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Publication Ethics

Editorial Code of Ethics

Decision-making authority rests with the journal's editorial board.

Arts Education and Science editorial code of ethics is based on international ethical principles for scholarly publication.

Below is a summary of our key expectations of authors, peer reviewers, editors, editorial board, and publishers.

In case of suspected academic misconduct editorial board and editors will act following the COPE guidelines.

Ethical Guidelines for Authors, Editors and Peer Viewers 

  1. Ethical Guidelines for Editors and Publishers

Editorial board and editors (chief editor) shall ensure compliance with author’s rights provided by the Russian Federation legal regulation, adhere to ethical guidelines of scholarly publishing and bear full responsibility for the content of the paper. This policy is predicated on the following principles:

  • significance and originality of submitted work;
  • validity and scientific value of research;
  • contribution acknowledgements with bibliographic citation;
  • co-author credit given to those contributed to the work presented in the manuscript;
  • taking immediate action if any errors/mistakes have been detected by author/editors before manuscript publication.

Unpublished materials disclosed in a submitted manuscript shall not be shared with third parties without the author’s written consent.

Information or ideas obtained during editing shall be treated as confidential.

In case there are reasonable grounds to suspect that material is plagiarized or restrained, editor shall not accept such material for publication. Editorial board is always willing to publish corrections, clarifications, retractions and apologies when needed.

Editor and publisher shall give due consideration of the complaint or claims made, governing a remedy, in case of conflict resolution.

  1. Ethical Guidelines for Peer Reviewers

Our journal operates a double-blind peer review process.

Peer review shall not be biased and is based on the following principles:

  • any manuscript received for review is a confidential document and shall be treated as such; it shall not be shown to or discussed with others except if authorized by the editorial board;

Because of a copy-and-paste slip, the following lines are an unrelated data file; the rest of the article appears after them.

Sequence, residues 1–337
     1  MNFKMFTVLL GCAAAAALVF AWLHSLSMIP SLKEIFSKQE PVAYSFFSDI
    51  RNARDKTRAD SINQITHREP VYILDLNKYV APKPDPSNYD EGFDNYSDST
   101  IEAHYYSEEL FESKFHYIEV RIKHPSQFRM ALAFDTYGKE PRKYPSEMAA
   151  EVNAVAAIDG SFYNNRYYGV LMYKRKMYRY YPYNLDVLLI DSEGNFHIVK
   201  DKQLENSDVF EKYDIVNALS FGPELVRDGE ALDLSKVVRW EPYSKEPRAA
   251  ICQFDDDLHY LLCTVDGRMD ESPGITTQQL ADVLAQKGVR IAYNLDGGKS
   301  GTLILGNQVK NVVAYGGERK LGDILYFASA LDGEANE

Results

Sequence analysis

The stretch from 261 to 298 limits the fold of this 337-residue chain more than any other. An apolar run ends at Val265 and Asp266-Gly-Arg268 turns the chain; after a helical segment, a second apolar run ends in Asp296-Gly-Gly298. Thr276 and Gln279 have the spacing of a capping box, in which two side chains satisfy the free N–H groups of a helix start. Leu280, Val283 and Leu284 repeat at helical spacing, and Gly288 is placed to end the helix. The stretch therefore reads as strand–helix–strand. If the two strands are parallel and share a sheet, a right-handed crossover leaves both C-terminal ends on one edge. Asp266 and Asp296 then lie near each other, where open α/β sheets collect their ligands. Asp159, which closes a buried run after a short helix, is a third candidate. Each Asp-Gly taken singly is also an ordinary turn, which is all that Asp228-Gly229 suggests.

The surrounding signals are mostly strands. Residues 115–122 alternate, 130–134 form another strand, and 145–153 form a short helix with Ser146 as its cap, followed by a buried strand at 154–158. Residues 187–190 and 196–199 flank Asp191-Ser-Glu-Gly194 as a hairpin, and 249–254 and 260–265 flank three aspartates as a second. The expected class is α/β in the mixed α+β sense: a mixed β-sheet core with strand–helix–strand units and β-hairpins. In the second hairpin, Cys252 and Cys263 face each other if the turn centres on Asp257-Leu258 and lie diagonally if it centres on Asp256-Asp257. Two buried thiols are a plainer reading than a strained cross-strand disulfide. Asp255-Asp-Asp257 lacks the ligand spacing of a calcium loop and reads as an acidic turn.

• the review should be an objectively reasonable evaluation,
  • value judgment should not be directed towards an author;
  • unpublished materials disclosed in a submitted manuscript must not be used for a reviewer’s personal advantage.

If a reviewer does not consider himself to be an appropriate expert to evaluate manuscripts in a certain field, or cannot be objective (for example, in case of a conflict of interest), he must inform the editor and resign from the assignment.

  1. Ethical Guidelines for Authors

Each author must bear personal responsibility for significance, novelty and validity of the content and adhere to the following principles:

  • intentionally misguided or fraudulent statements are inappropriate;
  • only true facts, events, assumptions, etc. shall be described;
  • the cited sources or thoughts of others shall be credited in the reference list;
  • redundant borrowings, as well as any plagiarism, including uncited sources, paraphrasing and illicit acquiring of the authors’ thoughts are unacceptable;
  • all references significant for the work shall be included in the paper;
  • manuscripts submitted to our journal shall neither be under consideration for publication in another journal nor be published before;
  • co-author credit must be given to those contributed to the work presented in the manuscript;
  • authorship of the work is not credited to those who has not contributed to the paper;
  • if any misinterpretations are detected by the author when the manuscript is being reviewed or after publication, the author must inform the editors about it in the shortest time possible.

Our journal retains the copyright of all published material, including design. Distribution and copying (to other websites and internet resources) or any other use of information and objects without the holder’s prior permission is allowed. Copyright is protected by law, the author having a right to turn to the court. 

Duplicate (Redundant)/Secondary Publication 

  1. Our journal publishes mainly original papers. Multiple or secondary publications are not allowed to submit. A multiple (duplicate, redundant) publication refers to publishing of a paper overlaps substantially with one already published. A secondary publication is the republishing of a previously published paper in another journal.
  2. Editor-in-Chief should be informed by authors if the material was previously published (a PhD dissertation abstract, conference proceedings, presentations of a previously published paper, chapters from books). Copies of the above materials must be attached to a submitted article for the editor to make a decision whether the article can be considered as a duplicate one.
  3. The journal has the right to check other author’s publications in international citation databases. If it is found out that an author has submitted a duplicate or secondary publication not having informed the editor, the journal has the right to reject it. If a publication is made before it is found out that a similar paper was previously published without the author’s having informed the editor, information on such publication determined as multiple will be placed in the next issue, with or without the author’s explanation.